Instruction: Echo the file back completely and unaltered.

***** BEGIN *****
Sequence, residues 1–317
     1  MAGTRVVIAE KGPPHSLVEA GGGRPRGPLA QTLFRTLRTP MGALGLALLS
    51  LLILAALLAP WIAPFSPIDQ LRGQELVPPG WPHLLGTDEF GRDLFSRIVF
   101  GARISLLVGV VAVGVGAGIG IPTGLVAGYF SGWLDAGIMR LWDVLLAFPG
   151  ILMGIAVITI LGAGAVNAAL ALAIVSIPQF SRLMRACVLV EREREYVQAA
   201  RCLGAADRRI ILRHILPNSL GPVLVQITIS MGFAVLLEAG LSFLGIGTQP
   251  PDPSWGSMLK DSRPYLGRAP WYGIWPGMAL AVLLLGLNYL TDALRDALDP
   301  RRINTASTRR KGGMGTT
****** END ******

Sequence, residues 1–317
     1  MAGTRVVIAE KGPPHSLVEA GGGRPRGPLA QTLFRTLRTP MGALGLALLS
    51  LLILAALLAP WIAPFSPIDQ LRGQELVPPG WPHLLGTDEF GRDLFSRIVF
   101  GARISLLVGV VAVGVGAGIG IPTGLVAGYF SGWLDAGIMR LWDVLLAFPG
   151  ILMGIAVITI LGAGAVNAAL ALAIVSIPQF SRLMRACVLV EREREYVQAA
   201  RCLGAADRRI ILRHILPNSL GPVLVQITIS MGFAVLLEAG LSFLGIGTQP
   251  PDPSWGSMLK DSRPYLGRAP WYGIWPGMAL AVLLLGLNYL TDALRDALDP
   301  RRINTASTRR KGGMGTT